DON'T LOSE ACCESS:
Your IP access to ForeignPolicy.com will expire on June 15.
To ensure uninterrupted reading, please contact Rachel Mines, sales director, at email@example.com.
Daniel W. Drezner
Pick your policymaking metaphor
Matt Yglesias linked to this months-old Emily Stokes profile of Rory Stewart in the Financial Times. Yglesias highlights one of the funnier metaphors I’ve seen about the trouble with advising policymakers: “It’s like they’re coming in and saying to you, ‘I’m going to drive my car off a cliff. Should I or should I not ...
Matt Yglesias linked to this months-old Emily Stokes profile of Rory Stewart in the Financial Times. Yglesias highlights one of the funnier metaphors I’ve seen about the trouble with advising policymakers:
“It’s like they’re coming in and saying to you, ‘I’m going to drive my car off a cliff. Should I or should I not wear a seatbelt?’ And you say, ‘I don’t think you should drive your car off the cliff.’ And they say, ‘No, no, that bit’s already been decided – the question is whether to wear a seatbelt.’ And you say, ‘Well, you might as well wear a seatbelt.’ And then they say, ‘We’ve consulted with policy expert Rory Stewart and he says …’"
OK, that’s really funny, and I think it’s true a fair amount of the time.
On the other hand, I’m not sure that metaphor holds up all of the time. Consider another possibility. From the policymaker’s perspective, getting outside advice is like trying to figure out which railroad track to take if you’re driving a train. There are three options ahead, and for myriad reasons each of the possibilities carries some risk. So you go place an emergency phone call to the head of Harvard’s Department of Railroad Studies to get a recommendation. His advice? "Why don’t you go off-track?"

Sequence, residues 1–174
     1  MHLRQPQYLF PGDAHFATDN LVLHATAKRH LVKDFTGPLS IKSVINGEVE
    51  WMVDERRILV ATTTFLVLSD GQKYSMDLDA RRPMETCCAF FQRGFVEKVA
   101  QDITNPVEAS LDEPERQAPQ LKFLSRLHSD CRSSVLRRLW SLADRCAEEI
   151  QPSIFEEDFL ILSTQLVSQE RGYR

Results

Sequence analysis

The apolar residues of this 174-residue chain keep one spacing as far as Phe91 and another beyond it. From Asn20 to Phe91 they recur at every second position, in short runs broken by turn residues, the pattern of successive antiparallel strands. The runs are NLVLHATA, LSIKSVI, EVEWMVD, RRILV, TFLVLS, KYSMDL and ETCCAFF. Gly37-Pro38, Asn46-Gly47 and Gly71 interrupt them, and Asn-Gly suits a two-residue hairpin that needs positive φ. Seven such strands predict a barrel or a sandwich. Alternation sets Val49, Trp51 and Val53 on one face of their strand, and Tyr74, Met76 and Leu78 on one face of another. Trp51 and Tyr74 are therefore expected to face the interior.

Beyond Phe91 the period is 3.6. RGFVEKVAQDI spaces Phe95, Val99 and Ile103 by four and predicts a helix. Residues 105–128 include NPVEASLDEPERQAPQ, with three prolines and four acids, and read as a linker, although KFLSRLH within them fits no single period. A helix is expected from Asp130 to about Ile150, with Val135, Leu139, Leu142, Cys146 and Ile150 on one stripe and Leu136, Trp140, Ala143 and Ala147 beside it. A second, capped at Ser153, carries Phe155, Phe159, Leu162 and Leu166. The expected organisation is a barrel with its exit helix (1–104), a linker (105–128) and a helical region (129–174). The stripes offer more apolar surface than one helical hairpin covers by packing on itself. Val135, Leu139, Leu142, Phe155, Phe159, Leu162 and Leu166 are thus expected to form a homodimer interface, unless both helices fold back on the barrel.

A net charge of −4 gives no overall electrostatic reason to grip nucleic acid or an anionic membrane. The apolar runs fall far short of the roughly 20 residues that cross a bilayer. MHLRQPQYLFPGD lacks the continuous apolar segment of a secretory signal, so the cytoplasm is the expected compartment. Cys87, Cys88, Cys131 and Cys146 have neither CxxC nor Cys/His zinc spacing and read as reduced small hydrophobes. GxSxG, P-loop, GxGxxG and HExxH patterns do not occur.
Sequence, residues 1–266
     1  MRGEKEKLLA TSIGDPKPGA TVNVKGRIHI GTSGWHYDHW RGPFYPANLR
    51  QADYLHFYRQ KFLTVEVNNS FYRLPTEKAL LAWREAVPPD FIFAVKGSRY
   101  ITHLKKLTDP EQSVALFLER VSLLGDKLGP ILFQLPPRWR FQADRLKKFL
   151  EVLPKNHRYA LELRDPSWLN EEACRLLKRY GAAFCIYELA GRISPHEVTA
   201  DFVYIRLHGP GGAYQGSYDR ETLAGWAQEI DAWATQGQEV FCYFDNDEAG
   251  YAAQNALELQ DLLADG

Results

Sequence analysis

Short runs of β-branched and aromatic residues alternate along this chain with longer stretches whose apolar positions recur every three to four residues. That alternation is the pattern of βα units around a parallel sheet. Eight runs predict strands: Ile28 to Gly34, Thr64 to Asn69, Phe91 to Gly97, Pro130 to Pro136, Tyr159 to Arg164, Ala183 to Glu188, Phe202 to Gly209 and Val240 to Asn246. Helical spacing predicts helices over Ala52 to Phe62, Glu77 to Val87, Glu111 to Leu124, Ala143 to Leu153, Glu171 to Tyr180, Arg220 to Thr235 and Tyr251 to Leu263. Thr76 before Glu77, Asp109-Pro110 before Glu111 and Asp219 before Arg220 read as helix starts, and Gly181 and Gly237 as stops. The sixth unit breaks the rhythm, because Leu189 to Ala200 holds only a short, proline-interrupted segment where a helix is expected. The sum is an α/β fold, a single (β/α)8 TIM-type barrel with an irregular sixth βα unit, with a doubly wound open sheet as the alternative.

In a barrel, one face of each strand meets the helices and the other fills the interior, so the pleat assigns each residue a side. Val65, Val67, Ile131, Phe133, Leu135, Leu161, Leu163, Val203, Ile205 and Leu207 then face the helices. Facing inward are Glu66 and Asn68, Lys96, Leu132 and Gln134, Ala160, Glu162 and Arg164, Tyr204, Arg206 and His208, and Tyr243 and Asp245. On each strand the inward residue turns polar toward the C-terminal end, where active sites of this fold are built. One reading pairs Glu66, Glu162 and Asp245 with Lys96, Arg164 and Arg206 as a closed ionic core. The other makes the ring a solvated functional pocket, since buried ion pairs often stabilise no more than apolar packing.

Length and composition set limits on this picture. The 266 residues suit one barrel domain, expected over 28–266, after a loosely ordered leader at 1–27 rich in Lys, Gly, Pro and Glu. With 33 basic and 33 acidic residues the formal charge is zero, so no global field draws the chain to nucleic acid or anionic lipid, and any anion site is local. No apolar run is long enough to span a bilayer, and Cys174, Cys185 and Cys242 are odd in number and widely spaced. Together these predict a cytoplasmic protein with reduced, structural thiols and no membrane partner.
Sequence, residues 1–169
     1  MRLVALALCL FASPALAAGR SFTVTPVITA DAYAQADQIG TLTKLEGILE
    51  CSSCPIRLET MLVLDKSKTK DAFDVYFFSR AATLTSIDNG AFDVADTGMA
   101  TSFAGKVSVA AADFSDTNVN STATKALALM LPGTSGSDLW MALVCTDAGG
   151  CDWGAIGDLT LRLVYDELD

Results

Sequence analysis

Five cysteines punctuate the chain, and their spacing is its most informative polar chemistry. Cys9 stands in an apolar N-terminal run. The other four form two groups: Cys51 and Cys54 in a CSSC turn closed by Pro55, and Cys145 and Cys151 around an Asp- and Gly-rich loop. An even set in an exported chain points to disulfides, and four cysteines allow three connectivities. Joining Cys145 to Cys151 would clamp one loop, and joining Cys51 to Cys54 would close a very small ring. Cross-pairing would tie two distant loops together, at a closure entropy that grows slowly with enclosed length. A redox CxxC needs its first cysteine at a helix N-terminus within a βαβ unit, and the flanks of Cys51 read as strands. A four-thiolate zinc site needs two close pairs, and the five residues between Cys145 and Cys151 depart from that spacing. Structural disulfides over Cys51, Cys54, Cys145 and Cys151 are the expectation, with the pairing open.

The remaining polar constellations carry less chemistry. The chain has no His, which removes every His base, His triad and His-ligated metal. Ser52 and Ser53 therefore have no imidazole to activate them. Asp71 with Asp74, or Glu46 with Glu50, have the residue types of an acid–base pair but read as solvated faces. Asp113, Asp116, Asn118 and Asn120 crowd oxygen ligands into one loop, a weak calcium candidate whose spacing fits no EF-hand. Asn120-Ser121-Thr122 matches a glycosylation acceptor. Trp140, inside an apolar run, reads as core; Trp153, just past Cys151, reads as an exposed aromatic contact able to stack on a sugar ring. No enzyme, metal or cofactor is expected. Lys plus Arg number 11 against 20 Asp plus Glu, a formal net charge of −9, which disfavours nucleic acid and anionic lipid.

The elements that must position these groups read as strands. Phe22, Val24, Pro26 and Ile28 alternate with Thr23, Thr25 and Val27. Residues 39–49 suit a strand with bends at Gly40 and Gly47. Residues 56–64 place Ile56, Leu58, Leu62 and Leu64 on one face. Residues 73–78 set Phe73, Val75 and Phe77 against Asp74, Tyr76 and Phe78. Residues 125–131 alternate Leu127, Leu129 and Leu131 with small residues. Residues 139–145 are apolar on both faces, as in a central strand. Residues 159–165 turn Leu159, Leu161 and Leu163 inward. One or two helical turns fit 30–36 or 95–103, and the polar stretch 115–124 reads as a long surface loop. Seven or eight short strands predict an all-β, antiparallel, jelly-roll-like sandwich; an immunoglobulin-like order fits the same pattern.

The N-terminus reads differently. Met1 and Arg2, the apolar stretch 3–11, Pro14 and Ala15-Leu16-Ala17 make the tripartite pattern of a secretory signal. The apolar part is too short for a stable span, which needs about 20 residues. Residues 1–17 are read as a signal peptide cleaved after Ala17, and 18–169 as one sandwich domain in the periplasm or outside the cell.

To revisit a recurring theme on this blog, sometimes the outside advisor is right to make policymakers question core assumptions. At the same time, however, sometimes a policymaker has neither the time nor the political capital to go back to first principles. Sometimes they just need to know what is the least bad policy option. And I guarantee you that having an academic tell them, "they’re all bad policy options" is of no use whatsoever in that moment.
I suspect that knowing which metaphor applies is more art than science, but I’m curious to hear from commenters on both sides of the policymaking divide.